The Purpose & History of Juneteenth


Juneteenth may be the nation’s newest federal holiday – but it has been celebrated in Black communities since the 1800’s. Observed on June 19th, the holiday commemorates the date the last slaves were freed in Texas – which wouldn’t be until two years after President Abraham Lincoln issued the Emancipation Proclamation. Known to some as the country’s “second Independence Day”, Juneteenth is a celebration of hope and freedom for the Black community. 

The History of Juneteenth

Juneteenth (short for June 19th), commemorates the effective end of slavery in the United States. On June 19, 1865, federal troops arrived in Galveston, Texas, to take control of the state and ensure that all enslaved people were freed. This event happened nearly two and a half years after the signing of the Emancipation Proclamation. Juneteenth honors the end of slavery in America and is considered the longest-running African holiday. On June 17, 2021, Juneteenth officially became a federal holiday. 


Confederate General Robert E. Lee had surrendered in Virginia two years prior to Juneteenth. However, slavery remained nearly fully intact in Texas – until U.S. General Gordon Granger stood on Texas soil and read General Orders No. 3: “The people of Texas are informed that, in accordance with a proclamation from the Executive of the United States, all slaves are free.” While the Emancipation Proclamation established that all slaves in Confederate-controlled areas were freed, it did not apply to rebel areas under Union control or slave-holding border states. In Texas, slavery continued on – in fact, many enslavers from other states moved to the Lone Star State for this reason, seeing it as a safe haven. On Juneteenth, we honor the lives of these slaves, as well as the resilience and fighting spirit of the Black community.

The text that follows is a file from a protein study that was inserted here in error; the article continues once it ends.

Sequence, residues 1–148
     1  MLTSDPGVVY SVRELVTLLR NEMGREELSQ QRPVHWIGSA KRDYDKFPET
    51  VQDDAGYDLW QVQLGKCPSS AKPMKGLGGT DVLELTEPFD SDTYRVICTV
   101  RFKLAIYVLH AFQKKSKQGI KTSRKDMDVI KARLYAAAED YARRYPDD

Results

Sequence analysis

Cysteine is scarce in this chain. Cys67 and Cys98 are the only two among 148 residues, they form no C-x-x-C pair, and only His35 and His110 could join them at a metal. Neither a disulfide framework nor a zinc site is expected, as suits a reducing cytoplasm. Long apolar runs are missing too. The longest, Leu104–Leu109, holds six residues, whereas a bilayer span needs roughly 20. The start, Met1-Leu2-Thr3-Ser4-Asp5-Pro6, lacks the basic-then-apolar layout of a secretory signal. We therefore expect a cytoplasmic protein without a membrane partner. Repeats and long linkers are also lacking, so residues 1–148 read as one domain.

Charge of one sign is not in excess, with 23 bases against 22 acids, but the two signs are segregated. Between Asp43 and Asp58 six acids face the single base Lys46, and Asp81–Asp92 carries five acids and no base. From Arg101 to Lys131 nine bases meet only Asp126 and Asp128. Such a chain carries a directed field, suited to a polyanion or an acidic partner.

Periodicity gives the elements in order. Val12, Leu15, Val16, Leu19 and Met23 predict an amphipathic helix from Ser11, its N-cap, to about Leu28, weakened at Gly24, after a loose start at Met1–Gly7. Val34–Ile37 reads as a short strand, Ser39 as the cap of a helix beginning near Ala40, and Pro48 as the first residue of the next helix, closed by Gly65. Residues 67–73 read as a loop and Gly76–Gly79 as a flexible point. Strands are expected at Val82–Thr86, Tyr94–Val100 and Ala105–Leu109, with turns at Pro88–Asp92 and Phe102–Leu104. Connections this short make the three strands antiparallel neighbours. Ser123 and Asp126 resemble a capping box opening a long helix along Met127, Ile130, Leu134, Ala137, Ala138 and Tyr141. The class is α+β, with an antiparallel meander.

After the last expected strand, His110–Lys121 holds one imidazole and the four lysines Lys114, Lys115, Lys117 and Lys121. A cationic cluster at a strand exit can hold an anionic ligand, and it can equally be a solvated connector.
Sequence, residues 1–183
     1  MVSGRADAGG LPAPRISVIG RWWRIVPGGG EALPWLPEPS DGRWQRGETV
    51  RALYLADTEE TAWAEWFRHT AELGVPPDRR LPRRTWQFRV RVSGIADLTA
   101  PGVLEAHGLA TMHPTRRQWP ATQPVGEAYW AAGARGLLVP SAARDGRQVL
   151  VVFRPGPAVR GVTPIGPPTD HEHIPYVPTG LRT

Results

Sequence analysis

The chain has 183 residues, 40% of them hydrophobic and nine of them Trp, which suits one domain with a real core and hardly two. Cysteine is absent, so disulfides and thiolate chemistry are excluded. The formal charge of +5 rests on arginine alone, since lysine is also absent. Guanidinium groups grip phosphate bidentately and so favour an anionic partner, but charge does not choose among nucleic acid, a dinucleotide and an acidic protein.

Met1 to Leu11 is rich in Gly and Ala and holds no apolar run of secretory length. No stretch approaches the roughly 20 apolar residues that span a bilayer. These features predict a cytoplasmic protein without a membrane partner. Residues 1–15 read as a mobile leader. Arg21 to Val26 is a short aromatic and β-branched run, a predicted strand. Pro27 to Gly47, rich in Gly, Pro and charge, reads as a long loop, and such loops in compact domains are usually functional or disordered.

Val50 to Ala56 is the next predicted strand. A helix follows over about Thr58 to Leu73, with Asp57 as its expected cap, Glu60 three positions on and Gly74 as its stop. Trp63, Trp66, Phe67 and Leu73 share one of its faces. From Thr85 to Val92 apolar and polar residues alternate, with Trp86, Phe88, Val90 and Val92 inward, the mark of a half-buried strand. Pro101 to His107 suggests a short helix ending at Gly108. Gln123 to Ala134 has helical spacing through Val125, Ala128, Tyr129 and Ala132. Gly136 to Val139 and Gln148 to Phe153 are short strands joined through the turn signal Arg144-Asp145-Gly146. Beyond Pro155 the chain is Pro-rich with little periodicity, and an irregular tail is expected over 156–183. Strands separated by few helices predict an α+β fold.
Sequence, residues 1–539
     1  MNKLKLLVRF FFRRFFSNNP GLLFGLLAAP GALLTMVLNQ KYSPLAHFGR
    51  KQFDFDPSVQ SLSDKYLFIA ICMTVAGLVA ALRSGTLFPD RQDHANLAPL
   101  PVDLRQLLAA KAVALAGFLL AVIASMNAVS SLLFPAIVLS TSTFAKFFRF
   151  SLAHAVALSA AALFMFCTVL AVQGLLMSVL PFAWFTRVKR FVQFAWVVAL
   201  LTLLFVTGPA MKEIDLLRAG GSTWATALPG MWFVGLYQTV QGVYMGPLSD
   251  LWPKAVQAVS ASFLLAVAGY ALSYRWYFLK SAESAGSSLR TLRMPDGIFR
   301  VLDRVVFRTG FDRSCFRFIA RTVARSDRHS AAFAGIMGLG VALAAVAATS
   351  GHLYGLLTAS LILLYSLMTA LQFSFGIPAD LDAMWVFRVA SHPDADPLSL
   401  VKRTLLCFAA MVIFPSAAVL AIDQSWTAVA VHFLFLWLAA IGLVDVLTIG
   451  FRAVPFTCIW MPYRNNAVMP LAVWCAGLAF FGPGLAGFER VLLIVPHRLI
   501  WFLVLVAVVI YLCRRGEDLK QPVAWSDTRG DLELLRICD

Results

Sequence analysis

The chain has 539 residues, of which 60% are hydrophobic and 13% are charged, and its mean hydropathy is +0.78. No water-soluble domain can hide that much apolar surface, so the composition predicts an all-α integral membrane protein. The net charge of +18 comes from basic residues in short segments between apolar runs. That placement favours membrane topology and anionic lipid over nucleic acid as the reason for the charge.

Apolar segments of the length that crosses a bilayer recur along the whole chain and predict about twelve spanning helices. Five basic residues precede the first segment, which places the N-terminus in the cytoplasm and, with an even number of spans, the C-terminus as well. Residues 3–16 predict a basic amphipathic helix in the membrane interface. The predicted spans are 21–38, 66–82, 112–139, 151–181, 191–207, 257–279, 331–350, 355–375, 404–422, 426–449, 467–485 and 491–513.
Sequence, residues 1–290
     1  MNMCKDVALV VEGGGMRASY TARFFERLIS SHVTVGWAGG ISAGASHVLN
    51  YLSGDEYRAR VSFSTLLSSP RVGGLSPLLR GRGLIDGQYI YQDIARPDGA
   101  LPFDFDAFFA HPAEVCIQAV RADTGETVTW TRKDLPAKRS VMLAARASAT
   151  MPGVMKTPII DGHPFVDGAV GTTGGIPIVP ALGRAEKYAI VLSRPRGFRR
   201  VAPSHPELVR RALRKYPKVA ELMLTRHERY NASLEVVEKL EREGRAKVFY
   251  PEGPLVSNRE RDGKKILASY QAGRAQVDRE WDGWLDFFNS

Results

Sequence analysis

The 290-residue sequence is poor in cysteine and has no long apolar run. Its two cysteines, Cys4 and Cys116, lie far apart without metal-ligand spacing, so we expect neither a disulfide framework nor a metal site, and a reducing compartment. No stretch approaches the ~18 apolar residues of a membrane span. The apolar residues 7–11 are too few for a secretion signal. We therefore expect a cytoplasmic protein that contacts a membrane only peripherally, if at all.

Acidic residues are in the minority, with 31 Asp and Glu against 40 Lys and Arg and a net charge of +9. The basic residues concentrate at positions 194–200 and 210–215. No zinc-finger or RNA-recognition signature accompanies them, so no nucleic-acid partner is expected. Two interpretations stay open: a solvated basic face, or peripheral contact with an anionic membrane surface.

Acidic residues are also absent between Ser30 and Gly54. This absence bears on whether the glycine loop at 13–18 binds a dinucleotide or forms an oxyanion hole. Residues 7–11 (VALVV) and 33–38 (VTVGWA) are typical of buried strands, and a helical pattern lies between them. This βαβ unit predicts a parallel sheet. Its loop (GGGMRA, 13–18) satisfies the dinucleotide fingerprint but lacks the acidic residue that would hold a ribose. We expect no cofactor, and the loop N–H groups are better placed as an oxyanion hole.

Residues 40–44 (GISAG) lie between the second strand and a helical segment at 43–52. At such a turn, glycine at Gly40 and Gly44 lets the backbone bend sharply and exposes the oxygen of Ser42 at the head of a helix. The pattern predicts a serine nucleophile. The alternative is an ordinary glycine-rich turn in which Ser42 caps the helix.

The Purpose of Juneteenth

For Black Americans, Juneteenth exists as a celebration of our culture as well as a testament to how much our people have endured. Juneteenth symbolizes a day of true freedom for the Black community – something that Independence Day cannot offer us, as Black people were not free nor considered to be people during this time. July 4th does not mark independence or liberation for all people. Juneteenth is a day that represents these things and allows Black people to celebrate their resilience as well as the progress and change they’ve created in the world. The current system is not perfect, but it has changed due to pressure from Black people and their drive to create their own change and rise above oppression. That is something worth celebrating.

If you’re looking for more content regarding diversity and inclusion, anti-racism, and Black history, check out my social channels and my blog. You can also check out my podcast, The Jali Podcast, at this link. Thank you for reading! 

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